Madison countians accepted to Rural Physicians Program

Madison countians accepted to Rural Physicians Program

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Three Madison Countians have been accepted into the Mississippi Rural Physician Program. 

Morgan McCray, a Ridgeland native and junior at the University of Mississippi, was recently selected to participate in the undergraduate portion of the Mississippi Rural Physicians Scholarship Program (MRPSP). McCray is the daughter of Clintis and Shelia McCray of Ridgeland.

Daniel Billiot, a Rideland resident and graduate of the University of Mississippi Medical Center, was recently selected to participate in the undergraduate portion of the Mississippi Rural Physicians Scholarship Program (MRPSP). Billiot, formerly of New Orleans, is the grandson of Rosemary Bourgeois of New Orleans.  

Makenzie Herron, a Madison native and junior at Alcorn State University, was recently selected to participate in the undergraduate portion of the Mississippi Rural Physicians Scholarship Program (MRPSP). Herron is the daughter of Tina Hatten of Madison. 

Created in 2007, MRPSP identifies college sophomores and juniors who demonstrate the necessary commitment and academic achievement to become competent, well-trained rural primary care physicians in our state. The program offers undergraduate academic enrichment and a clinical experience in a rural setting. Upon completion of all medical school admissions requirements, the student can use the scholarship at the University of Mississippi School of Medicine or William Carey University College of Osteopathic Medicine.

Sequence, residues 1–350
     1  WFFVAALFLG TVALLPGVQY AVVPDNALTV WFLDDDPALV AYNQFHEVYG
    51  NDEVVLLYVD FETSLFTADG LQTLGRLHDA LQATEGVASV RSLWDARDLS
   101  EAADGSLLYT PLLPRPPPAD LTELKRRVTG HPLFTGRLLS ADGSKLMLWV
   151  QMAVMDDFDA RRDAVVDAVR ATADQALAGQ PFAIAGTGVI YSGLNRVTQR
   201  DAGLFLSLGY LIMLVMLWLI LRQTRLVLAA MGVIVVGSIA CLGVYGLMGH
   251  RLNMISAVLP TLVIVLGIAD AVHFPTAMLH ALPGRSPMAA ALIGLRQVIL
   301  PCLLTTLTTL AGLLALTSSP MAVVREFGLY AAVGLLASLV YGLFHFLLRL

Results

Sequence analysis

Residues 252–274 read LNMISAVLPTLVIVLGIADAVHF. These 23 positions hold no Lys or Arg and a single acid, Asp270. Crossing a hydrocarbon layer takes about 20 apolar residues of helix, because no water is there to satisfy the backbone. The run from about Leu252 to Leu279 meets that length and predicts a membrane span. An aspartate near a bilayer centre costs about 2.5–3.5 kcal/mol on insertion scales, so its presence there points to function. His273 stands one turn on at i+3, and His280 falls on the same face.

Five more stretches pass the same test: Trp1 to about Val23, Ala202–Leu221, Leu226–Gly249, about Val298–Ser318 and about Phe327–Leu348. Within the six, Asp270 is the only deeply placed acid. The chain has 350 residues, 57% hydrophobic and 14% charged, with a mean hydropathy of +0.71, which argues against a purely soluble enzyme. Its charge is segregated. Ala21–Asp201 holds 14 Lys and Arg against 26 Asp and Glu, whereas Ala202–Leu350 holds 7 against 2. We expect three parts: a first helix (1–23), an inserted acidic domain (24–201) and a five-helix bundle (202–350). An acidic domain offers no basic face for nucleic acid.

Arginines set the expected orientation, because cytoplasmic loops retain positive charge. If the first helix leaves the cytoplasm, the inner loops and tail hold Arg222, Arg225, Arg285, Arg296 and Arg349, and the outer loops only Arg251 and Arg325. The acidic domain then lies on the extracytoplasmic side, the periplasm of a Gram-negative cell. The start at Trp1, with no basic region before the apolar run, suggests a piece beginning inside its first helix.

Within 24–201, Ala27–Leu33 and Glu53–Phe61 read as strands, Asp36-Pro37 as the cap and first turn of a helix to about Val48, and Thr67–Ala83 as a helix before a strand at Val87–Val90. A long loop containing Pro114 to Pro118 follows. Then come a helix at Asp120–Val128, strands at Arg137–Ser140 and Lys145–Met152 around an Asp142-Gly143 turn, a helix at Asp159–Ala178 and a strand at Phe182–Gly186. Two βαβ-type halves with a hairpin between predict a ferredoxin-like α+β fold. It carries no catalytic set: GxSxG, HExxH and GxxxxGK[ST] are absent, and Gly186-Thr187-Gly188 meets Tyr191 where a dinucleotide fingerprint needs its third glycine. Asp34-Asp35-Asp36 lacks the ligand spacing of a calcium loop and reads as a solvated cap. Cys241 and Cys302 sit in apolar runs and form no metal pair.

During medical school, each MRPSP scholar may receive $35,000 per year based on available funding. Consistent legislative support of MRPSP translates to 62 medical students receiving a total of $2,170,000 to support their education this fall. In addition to the legislative support, 3 privately funded scholarships are also awarded from the Madison Charitable Foundation, the Selby and Richard McRae Foundation, and the Medical Assurance Company of Mississippi. Additional benefits include personalized mentoring from practicing rural physicians and academic support. 

Upon completion of medical school, MRPSP scholars must enter a residency program in one of five primary care specialties: family medicine, general internal medicine, pediatrics, medicine-pediatrics, or obstetrics/gynecology. A select number of spots are available for those interested in psychiatry, as well. The MRPSP Scholar must provide four years of service in a clinic-based practice in an approved Mississippi community of 15,000 people or fewer and located more than 20 miles from a medically served area.

The MRPSP provides a means for rural Mississippi students to earn a seat in medical school, receive mentoring during the medical school application process, earn a $140,000 medical school scholarship in return for four years of service and learn the art of healing from practicing rural physicians.





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